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Is salvation thru Torah Obedience, Faith and Grace?

Discussion in 'Messianic Judaism' started by Phillip Hawley, Jan 16, 2012.

  1. Torah Obedience, Faith and Grace?

  2. Torah Obedience alone?

  3. Faith and Grace alone?

  4. Faith alone?

  5. Grace alone?

  6. None of the above?

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  1. Lulav

    Lulav Everyone will give an account Staff Member Administrator CF Staff Trainer Supporter CF Senior Ambassador

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    For those who don't think that Grace existed in the 'OT', here's a book that gives explicit examples.

    It's free right now on Amazon

    God's Favorite Liars, Adulterers, and Murderers



    God's Favorite Liars, Adulterers, and Murderers looks at how God's grace worked in the lives of several Biblical heroes and how it works the same way in our lives today. This book encourages us to move past our failures and turn back to God to allow Him to use us in powerful ways.

    God's Favorite Liars, Adulterers, and Murderers shows us that no matter how badly we screw up our lives, God can still use us in powerful ways if we just turn to Him. It answers the following questions and many more. How can an adulterer and a murderer be a man after God's own heart? How can a man with serious doubts about God be called the father of the faithful? It does this by looking in depth at the lives of several biblical heroes. It focuses on major mistakes in the lives of these people to show how God's grace worked powerfully in their lives. Despite these mistakes and because of God's grace, these people were still able to become heroes and heroines of the Bible. While examining these things the book also shows that what these biblical heroes and heroines went through is not very different from what we encounter today. God's grace can cover us today when we make these same mistakes or even mistakes which are far worse.

    God's Favorite Liars, Adulterers, and Murderers is very encouraging to those having difficulty dealing with the guilt of the sins in their lives. It is of particular help to jail ministries and various recovery groups. Actually, the book can encourage anyone who has ever sinned.
     
  2. Gxg (G²)

    Gxg (G²) Pilgrim/Monastic on the Road to God (Psalm 84:1-7) Supporter CF Ambassadors

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    Thankfully, it was not the case that those searching for what we have the fullness of today in the Lord were not able to get previews of what was to come.

    Some of what I'm about to share has been shared elsewhere when it came to discussing the issue of how Christ's grace has been seen in exceeding amounts throughout the ages....and with that said, the example of Abraham (as a type of the believer we're to be ) comes to mind..specially seen in the lie he told.
    The same lie used the first time he went to Egypt was also the same lie that he used when he met Abimelech in Genesis 20:1-3/ Genesis 20 --and in both cases, DESPITE his sin, the Lord was faithful/took care of it. Earlier, when Abraham was told by the Lord that he'd give a son to him, the scriptures not that he beleived and Abraham was counted as righteous. And it was specificaly in regards to Genesis 15:5-7 / Genesis 15 when the Lord promised to prosper Abraham early in his walk....and truly make him into a great nation. After what occurred with his lying/causing a mess early on with Egypt, to have the Lord come/favor him is significant. For it is a picture/type of grace in action. For he trusted in the Lord for what he understood of the Lord's call at that point:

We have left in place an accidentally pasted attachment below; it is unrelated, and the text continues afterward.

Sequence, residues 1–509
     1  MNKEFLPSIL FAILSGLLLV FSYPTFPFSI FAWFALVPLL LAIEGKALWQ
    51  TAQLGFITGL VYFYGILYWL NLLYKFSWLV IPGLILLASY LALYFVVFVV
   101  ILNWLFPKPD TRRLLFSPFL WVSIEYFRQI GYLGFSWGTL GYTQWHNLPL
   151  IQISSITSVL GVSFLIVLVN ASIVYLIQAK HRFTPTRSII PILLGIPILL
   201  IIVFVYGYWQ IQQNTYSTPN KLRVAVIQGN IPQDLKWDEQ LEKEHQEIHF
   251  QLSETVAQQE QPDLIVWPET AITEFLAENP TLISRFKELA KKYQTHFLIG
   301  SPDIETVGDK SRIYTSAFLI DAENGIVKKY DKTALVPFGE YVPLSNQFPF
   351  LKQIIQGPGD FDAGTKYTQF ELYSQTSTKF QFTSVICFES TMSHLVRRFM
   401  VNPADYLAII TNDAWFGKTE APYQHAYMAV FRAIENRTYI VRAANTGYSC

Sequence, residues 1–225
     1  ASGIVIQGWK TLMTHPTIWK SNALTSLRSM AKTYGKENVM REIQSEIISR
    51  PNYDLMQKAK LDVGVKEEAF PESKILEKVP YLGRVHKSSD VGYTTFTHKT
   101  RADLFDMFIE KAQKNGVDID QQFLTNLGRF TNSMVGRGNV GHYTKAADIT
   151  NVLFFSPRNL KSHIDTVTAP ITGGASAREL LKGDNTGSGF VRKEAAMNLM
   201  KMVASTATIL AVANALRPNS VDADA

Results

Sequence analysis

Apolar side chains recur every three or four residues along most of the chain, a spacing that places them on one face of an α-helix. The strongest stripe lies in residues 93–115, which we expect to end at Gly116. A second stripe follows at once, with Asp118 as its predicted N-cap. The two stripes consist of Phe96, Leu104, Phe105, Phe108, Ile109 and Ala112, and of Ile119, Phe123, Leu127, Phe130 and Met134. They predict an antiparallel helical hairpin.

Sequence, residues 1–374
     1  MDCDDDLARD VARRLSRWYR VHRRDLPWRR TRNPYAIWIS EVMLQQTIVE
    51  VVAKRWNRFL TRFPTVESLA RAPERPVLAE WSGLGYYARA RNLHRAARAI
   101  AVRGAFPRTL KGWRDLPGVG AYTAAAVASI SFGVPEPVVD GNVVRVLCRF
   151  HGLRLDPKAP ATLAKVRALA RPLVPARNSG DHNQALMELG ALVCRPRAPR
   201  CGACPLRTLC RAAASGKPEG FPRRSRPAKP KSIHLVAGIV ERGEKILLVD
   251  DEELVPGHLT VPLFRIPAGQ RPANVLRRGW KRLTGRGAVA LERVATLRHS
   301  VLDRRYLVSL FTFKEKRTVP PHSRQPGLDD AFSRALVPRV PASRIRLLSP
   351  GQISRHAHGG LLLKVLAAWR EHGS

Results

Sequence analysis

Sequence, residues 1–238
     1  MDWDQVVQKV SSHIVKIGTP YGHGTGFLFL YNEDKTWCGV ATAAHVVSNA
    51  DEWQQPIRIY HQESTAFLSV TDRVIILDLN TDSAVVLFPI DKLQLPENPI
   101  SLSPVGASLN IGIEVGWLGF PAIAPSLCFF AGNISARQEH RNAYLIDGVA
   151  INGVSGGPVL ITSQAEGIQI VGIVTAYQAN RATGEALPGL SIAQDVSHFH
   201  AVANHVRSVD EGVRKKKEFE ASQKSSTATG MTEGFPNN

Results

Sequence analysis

His righteousness didn't come from being spotless or perfect, as Abraham made ALOT of mistakes---and only in assuming he was flawless in all respects can one really have any trouble with examining where Abraham did somethign that wasn't the best. He was righteous PRECISELY because of his great trust/faith in the Messiah despite all of his mess ups.


    When Abraham lied, he was not really not trusting in God. ..and thankfully, the Lord intervened to save Abimelech from making a mistake Abraham SHOULD have warned him about. . For in reading the story, I was always under the impression that Abimelech was a non-believer. However, as seen in Genesis 20:3-6, God came to Abimelech----intervening to ensure that Abimelech does not touch Sarah. In contrast to what occurred early on in the life of Abraham in Genesis 12:10-20, this episode seems to emphasize in a variety of ways that Sarah did not have sex with the king..otherwise, Abimelech could be the father of the promised/"Covenant" son born to Sarah in Genesis 21:1-3. With Abimelech, despite the fact that Abraham was deemed in Genesis 20:7 as a prophet able to intercede on behalf of others, Abimelech rightly challenged Abraham for decieving him about the status of His wife....


    In that culture, unless you were married, it was customary for kings to be able to take another wive. Sarah was saved---but had a godly king desired her for a wife and she was single, God would not have had any problem. Abraham's comment in Genesis 20:11---where he stated "I did it because there is no fear of God in this place..."---betrays both his lack of faith in God and his misjudgement of the people of Geerar. The whole episode reveals that the King and His servants were God-fearing, as seen in Genesis 20:8 and Genesis 20:16-18 when Abimelech was exceedingly gracious/generous. His generosity, on top of his innocence, contrasts sharply with Abraham's self-serving deception regarding the truth about Sarah...for the king's actions were a very public affirmation that he had not acted inappropiately toward Sarah...and thus, he was not the father of any child she had. Abraham was shown in Genesis 20:12-13 to really have been a greater sinner than Abimelech.